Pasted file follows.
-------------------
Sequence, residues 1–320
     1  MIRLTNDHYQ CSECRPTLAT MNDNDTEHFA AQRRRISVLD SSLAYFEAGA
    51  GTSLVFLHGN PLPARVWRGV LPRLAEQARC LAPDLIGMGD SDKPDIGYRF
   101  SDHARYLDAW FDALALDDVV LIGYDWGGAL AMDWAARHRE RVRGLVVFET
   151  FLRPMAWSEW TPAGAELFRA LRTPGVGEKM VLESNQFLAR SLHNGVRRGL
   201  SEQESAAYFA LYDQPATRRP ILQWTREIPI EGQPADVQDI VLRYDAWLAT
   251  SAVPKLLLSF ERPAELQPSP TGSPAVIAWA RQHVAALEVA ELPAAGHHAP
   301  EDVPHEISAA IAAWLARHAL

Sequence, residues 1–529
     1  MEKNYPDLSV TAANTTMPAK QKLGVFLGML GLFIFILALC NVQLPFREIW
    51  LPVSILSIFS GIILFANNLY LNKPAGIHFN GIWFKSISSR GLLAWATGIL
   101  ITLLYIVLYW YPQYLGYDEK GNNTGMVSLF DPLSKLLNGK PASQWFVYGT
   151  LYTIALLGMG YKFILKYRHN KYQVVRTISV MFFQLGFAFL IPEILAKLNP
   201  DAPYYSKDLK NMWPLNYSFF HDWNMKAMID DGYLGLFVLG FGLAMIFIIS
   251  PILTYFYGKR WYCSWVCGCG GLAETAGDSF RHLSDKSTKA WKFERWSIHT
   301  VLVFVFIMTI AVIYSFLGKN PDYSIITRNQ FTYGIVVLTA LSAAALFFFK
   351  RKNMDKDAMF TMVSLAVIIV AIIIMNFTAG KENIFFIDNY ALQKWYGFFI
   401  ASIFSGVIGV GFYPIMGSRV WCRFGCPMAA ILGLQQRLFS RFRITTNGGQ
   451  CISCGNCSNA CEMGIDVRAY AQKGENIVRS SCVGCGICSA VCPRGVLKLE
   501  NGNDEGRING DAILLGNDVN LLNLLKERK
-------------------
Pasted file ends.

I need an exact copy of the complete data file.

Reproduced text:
Sequence, residues 1–320
     1  MIRLTNDHYQ CSECRPTLAT MNDNDTEHFA AQRRRISVLD SSLAYFEAGA
    51  GTSLVFLHGN PLPARVWRGV LPRLAEQARC LAPDLIGMGD SDKPDIGYRF
   101  SDHARYLDAW FDALALDDVV LIGYDWGGAL AMDWAARHRE RVRGLVVFET
   151  FLRPMAWSEW TPAGAELFRA LRTPGVGEKM VLESNQFLAR SLHNGVRRGL
   201  SEQESAAYFA LYDQPATRRP ILQWTREIPI EGQPADVQDI VLRYDAWLAT
   251  SAVPKLLLSF ERPAELQPSP TGSPAVIAWA RQHVAALEVA ELPAAGHHAP
   301  EDVPHEISAA IAAWLARHAL

Sequence, residues 1–529
     1  MEKNYPDLSV TAANTTMPAK QKLGVFLGML GLFIFILALC NVQLPFREIW
    51  LPVSILSIFS GIILFANNLY LNKPAGIHFN GIWFKSISSR GLLAWATGIL
   101  ITLLYIVLYW YPQYLGYDEK GNNTGMVSLF DPLSKLLNGK PASQWFVYGT
   151  LYTIALLGMG YKFILKYRHN KYQVVRTISV MFFQLGFAFL IPEILAKLNP
   201  DAPYYSKDLK NMWPLNYSFF HDWNMKAMID DGYLGLFVLG FGLAMIFIIS
   251  PILTYFYGKR WYCSWVCGCG GLAETAGDSF RHLSDKSTKA WKFERWSIHT
   301  VLVFVFIMTI AVIYSFLGKN PDYSIITRNQ FTYGIVVLTA LSAAALFFFK
   351  RKNMDKDAMF TMVSLAVIIV AIIIMNFTAG KENIFFIDNY ALQKWYGFFI
   401  ASIFSGVIGV GFYPIMGSRV WCRFGCPMAA ILGLQQRLFS RFRITTNGGQ
   451  CISCGNCSNA CEMGIDVRAY AQKGENIVRS SCVGCGICSA VCPRGVLKLE
   501  NGNDEGRING DAILLGNDVN LLNLLKERK